Kenya proposes amendments to Income Tax and VAT Acts

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EY Global

10 Dec 2020 PDF
Subject Tax Alert
Jurisdictions Kenya

Executive summary

Kenya has issued a second Tax Laws (Amendment) (No.2) Bill, 2020 (the Bill) which proposes various changes to the Income Tax Act and the Value Added Tax Act.

The Bill has been issued pursuant to a public notice which was issued by the Cabinet Secretary in charge of the National Treasury on 4 December 2020 highlighting the expected cessation of some of the tax relief measures extended by the Government at the onset of the COVID-19 pandemic.

An EY Global Tax Alert highlighting the various tax reliefs that were extended to taxpayers through the Tax Laws (Amendment) Act (No.1) 2020 and can be accessed through Kenya enacts Tax Laws (Amendment) Act, 2020

The key changes proposed by the Bill are the reinstatement of: (i) the resident corporate income tax rate to 30% from the current 25%; and (ii) the highest individual income tax band to 30% from the current 25%.

The changes are expected to come into force on 1 January 2021.

This Alert summarizes the key tax proposals included in the Bill.

Detailed discussion

Corporate income tax

Minimum tax

The Bill seeks to correct a drafting anomaly in the Finance Act, 2020 which introduced a minimum tax. It is now clear that the minimum tax will be payable when the installment tax is lower than the minimum tax payable.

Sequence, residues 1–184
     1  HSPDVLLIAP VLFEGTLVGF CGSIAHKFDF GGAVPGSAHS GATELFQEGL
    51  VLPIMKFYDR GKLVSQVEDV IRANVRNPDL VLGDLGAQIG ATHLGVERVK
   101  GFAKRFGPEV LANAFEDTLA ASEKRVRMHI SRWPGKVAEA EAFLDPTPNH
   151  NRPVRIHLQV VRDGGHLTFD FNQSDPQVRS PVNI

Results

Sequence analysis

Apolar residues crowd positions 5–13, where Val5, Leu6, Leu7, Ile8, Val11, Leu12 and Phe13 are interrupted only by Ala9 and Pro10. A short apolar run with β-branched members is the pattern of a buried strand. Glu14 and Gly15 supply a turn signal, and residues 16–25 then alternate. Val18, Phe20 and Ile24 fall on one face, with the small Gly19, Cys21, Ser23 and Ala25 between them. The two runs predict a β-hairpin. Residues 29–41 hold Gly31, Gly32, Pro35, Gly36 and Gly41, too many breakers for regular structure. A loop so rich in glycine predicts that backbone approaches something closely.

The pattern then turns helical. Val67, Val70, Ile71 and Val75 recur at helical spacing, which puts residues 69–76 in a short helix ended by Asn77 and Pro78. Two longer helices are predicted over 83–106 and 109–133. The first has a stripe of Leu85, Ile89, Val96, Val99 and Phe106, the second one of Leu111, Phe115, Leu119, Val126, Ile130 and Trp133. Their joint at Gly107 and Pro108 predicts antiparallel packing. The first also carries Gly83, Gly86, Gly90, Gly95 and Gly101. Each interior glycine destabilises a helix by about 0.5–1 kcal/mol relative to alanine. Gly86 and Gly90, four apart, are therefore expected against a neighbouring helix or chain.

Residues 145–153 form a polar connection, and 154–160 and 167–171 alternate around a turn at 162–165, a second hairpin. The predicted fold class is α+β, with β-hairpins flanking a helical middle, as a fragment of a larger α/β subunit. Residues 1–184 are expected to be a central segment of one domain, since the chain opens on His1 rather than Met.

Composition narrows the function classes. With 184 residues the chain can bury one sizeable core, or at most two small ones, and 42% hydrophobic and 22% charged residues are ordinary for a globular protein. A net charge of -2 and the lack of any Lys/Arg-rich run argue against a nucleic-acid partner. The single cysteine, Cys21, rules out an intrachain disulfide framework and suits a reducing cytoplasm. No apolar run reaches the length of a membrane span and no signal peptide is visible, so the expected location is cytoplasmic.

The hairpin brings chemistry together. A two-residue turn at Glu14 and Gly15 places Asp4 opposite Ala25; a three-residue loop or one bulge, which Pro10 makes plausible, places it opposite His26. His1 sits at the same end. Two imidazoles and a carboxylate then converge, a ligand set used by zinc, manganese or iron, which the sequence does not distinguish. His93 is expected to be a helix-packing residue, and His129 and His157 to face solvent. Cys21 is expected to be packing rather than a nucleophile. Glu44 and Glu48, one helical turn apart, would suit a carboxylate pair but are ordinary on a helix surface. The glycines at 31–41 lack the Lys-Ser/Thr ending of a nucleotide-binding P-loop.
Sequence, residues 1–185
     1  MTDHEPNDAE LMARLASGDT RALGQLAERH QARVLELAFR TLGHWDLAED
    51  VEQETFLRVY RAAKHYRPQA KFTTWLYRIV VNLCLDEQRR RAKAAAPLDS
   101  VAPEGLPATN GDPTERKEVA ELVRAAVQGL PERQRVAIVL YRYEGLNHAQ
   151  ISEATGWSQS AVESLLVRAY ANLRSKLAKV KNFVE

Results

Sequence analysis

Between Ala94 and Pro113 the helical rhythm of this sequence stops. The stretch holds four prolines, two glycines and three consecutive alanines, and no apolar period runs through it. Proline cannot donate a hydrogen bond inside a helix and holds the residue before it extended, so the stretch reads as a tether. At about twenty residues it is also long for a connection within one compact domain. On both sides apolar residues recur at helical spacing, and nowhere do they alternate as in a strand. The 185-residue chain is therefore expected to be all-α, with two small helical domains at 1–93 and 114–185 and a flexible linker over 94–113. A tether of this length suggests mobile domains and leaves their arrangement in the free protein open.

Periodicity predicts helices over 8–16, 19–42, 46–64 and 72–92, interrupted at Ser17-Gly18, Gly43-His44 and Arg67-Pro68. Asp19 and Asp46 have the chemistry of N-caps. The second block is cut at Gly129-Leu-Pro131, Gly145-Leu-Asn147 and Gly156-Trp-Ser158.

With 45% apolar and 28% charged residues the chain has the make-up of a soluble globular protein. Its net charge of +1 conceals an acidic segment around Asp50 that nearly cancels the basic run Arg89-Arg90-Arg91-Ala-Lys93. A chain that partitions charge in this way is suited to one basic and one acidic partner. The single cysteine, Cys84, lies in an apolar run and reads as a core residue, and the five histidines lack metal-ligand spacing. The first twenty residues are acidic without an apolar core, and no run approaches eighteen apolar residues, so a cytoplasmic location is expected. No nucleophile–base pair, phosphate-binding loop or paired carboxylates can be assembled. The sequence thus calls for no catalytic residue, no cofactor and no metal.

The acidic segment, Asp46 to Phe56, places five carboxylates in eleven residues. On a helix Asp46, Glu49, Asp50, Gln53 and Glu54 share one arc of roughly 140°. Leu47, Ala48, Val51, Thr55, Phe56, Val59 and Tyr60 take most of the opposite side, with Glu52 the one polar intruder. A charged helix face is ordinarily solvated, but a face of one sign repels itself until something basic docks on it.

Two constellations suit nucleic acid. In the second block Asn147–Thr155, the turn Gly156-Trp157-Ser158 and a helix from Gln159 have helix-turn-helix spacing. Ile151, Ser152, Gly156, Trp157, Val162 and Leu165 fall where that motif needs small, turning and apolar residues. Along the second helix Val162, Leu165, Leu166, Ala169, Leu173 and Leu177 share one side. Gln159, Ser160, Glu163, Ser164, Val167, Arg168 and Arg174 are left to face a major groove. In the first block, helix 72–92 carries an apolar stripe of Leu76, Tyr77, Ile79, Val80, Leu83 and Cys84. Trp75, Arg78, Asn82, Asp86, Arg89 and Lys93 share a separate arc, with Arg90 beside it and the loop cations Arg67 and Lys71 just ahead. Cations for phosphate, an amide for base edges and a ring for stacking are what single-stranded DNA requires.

The provision that introduced the minimum tax, through the Finance Act 2020, specified that minimum tax would be payable, if higher than the installment tax due. This created confusion since the intent was to ensure that every taxpayer contributes a certain minimum of tax.

While the proposal has provided much needed clarity, the fact that the law does not provide some reprieve to loss-making entities either due to capital allowances or immediately following incorporation leaves room for further alignment with economic circumstances.

Additionally, the turbulent economic times as a result of the COVID-19 pandemic are likely to reduce the profitability of many high turnover but low margin organizations and the imposition of minimum tax is likely to adversely affect them.

Corporate income tax rate

The Bill proposes an increase in the corporate income tax rate for resident persons from 25% to 30%. The higher rate will apply to income earned from 1 January 2021.

This is likely to create a challenge for organizations whose financial years end on dates other than 31 December since they will earn income which will be subject to two different tax rates depending on the period in which it is accrued.

The reversal of the tax relief measure appears to come before organizations have been able to recover from the effects of the pandemic.